During the Depression, Jimmy Gralton returns home to Ireland after ten years of exile in America. Seeing the levels of poverty and oppression, the activist in him reawakens and he looks to re-open the dance hall that led to his deportation.
Angie gets the sack from a recruitment agency for bad behaviour in public. Seizing the chance, she teams up with her flatmate, Rose, to run a similar business from their kitchen. With ... See full summary »
Spring 1936, a young unemployed communist, David, leaves his hometown Liverpool to join the fight against fascism in Spain. He joins an international group of Militia-men and women, the ... See full summary »
This bitter sweet comedy follows protagonist Robbie as he sneaks into the maternity hospital to visit his young girlfriend Leonie and hold his newborn son Luke for the first time. Overwhelmed by the moment, he swears that Luke will not have the same tragic life he has had. Escaping a prison sentence by the skin of his teeth, he's given one last chance......While serving a community service order, he meets Rhino, Albert and Mo who, like him, find it impossible to find work because of their criminal records. Little did Robbie imagine how turning to drink might change their lives - not cheap fortified wine, but the best malt whiskies in the world. Will it be 'slopping out' for the next twenty years, or a new future with 'Uisge Beatha' the 'Water of Life?' Only the angels know........ Written by
Rebecca O'Brien, producer
The film features the 'acting' of two former Dundee United football players - Charlie Miller (one of Leonie's uncles) and Andy McLaren (the father of Robbie's assault victim at the meeting). See more »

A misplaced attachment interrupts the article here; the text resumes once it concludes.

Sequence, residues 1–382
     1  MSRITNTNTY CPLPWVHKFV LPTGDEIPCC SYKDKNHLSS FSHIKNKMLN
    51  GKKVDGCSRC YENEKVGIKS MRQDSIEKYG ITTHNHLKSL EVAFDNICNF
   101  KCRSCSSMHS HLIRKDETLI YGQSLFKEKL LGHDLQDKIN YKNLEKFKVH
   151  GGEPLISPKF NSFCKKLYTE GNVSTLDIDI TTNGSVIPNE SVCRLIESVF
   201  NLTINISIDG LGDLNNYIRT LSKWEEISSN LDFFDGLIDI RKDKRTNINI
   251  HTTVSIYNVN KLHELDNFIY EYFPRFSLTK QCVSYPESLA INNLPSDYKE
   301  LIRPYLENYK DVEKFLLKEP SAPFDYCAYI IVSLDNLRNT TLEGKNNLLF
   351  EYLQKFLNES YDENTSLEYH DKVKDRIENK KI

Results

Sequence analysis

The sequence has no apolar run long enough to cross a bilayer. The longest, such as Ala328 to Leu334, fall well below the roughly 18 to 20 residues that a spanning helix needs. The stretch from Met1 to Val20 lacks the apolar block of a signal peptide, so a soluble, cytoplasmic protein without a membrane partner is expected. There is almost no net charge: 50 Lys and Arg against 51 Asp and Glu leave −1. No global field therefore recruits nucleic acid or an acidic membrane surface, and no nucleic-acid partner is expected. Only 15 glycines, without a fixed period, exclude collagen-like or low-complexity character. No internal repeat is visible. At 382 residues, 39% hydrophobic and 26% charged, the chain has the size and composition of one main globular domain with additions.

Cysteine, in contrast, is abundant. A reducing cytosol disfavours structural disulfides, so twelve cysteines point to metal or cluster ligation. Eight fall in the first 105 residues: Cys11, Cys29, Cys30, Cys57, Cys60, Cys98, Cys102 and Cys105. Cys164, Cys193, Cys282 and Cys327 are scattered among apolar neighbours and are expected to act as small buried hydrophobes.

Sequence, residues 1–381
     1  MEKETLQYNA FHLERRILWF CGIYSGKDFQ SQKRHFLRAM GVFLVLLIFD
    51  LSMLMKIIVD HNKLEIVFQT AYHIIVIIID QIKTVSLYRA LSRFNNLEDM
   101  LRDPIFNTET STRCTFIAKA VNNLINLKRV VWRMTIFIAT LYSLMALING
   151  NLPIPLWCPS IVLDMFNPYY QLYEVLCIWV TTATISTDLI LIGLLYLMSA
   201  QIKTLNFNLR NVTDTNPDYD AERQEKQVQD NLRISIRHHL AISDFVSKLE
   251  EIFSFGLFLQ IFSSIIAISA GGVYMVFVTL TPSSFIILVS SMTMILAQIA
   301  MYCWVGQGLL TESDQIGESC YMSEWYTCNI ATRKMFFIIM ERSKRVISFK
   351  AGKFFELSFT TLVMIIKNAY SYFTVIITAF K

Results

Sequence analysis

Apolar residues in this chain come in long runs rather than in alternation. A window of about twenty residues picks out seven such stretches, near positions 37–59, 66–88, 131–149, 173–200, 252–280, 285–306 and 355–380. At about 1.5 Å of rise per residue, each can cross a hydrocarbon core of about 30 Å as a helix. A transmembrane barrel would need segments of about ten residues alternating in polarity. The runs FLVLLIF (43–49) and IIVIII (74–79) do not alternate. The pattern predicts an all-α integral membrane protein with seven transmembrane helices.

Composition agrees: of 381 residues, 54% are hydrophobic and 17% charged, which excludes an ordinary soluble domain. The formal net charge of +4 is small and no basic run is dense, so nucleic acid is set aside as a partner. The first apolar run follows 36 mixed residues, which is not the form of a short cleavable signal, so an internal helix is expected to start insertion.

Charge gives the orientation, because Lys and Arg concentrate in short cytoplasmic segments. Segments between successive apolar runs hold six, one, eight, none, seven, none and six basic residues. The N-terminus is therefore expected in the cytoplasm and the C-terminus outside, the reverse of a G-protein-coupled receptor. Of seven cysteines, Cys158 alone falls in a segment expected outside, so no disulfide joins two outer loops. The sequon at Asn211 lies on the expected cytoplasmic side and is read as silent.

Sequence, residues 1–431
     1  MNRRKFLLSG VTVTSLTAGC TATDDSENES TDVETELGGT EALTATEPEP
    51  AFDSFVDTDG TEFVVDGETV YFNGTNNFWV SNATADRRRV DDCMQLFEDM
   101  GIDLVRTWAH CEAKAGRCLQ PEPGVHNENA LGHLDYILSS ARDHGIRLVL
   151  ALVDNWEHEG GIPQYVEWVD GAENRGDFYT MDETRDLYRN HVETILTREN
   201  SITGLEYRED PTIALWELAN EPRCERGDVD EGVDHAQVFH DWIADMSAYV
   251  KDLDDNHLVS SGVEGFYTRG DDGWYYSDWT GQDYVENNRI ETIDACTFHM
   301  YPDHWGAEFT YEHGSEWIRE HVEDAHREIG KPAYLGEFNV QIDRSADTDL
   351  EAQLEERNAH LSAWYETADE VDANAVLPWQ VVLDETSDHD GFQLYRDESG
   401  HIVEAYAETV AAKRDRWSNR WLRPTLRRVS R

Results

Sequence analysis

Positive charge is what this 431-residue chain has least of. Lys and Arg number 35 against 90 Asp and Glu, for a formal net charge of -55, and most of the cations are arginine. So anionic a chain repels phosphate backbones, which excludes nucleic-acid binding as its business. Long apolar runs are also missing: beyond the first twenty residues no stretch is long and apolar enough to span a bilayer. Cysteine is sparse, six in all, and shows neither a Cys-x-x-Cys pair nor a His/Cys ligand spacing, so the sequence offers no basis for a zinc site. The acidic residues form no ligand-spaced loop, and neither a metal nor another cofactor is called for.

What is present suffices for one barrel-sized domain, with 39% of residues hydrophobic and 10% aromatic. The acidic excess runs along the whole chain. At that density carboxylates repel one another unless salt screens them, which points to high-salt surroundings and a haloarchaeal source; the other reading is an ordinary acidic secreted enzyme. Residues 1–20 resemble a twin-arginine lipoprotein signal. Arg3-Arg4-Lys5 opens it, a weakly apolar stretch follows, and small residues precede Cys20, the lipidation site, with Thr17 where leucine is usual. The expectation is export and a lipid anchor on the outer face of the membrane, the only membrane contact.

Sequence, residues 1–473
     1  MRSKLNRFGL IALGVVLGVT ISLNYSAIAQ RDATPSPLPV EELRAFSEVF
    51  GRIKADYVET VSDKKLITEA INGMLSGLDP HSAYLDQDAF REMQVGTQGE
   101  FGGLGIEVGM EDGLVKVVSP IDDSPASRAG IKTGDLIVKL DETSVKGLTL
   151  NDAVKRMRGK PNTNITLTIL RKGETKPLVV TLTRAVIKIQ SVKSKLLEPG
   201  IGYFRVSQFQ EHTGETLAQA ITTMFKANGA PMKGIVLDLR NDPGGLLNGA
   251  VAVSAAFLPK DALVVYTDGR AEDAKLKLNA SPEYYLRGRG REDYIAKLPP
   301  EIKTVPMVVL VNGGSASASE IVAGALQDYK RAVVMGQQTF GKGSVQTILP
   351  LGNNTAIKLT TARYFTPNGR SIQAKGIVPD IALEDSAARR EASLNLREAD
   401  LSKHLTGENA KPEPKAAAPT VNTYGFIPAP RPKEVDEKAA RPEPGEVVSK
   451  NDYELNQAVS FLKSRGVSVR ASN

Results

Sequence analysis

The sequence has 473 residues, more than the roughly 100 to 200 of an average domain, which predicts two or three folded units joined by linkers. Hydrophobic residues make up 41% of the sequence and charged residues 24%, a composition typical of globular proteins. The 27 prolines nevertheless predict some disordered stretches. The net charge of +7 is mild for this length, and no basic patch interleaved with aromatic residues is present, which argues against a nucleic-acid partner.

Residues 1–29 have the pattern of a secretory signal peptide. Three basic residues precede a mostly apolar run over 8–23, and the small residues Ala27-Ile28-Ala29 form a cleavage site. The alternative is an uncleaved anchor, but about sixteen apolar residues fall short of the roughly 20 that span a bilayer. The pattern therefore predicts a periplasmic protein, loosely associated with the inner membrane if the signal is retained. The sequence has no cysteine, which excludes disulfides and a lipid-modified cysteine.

When Harry is discussing Robbie's life of crime with him, he says that Robbie wouldn't want to miss his son growing up. This is discussed before the child is born. Later, when Luke (Robbie's son) is born, it is clear that no one knew that he would be a boy before the event. See more »
My main conclusion after watching The Angel's Share is that I haven't seen enough Ken Loach films.
Obviously I was interested to see The Angel's Share given the Scottish setting and the little bit of hype that the film has received here through its appearance at the Cannes Film Festival. I wasn't disappointed by any aspect of the movie and would recommend it to anyone.
The characters are real and the acting is hard to fault. The film strikes a great balance between highlighting the mistakes the main character, Robbie, made in the past and not being overly sympathetic, and at the same time recognising that he deserves a chance to build a better future and put it all behind him. The inclusion of the scene where Robbie is confronted by one of his former victims and the victim's family was inspired.
All of the performances given are believable, but i'd reserve a special mention for John Henshaw, who plays Harry. There's an almost intangible sadness to the character where you know he's also trying to make up for earlier mistakes in his life, although the film never goes into details. Very understated and poignant in parts.
Above all, this is a film with heart and has something for everyone.
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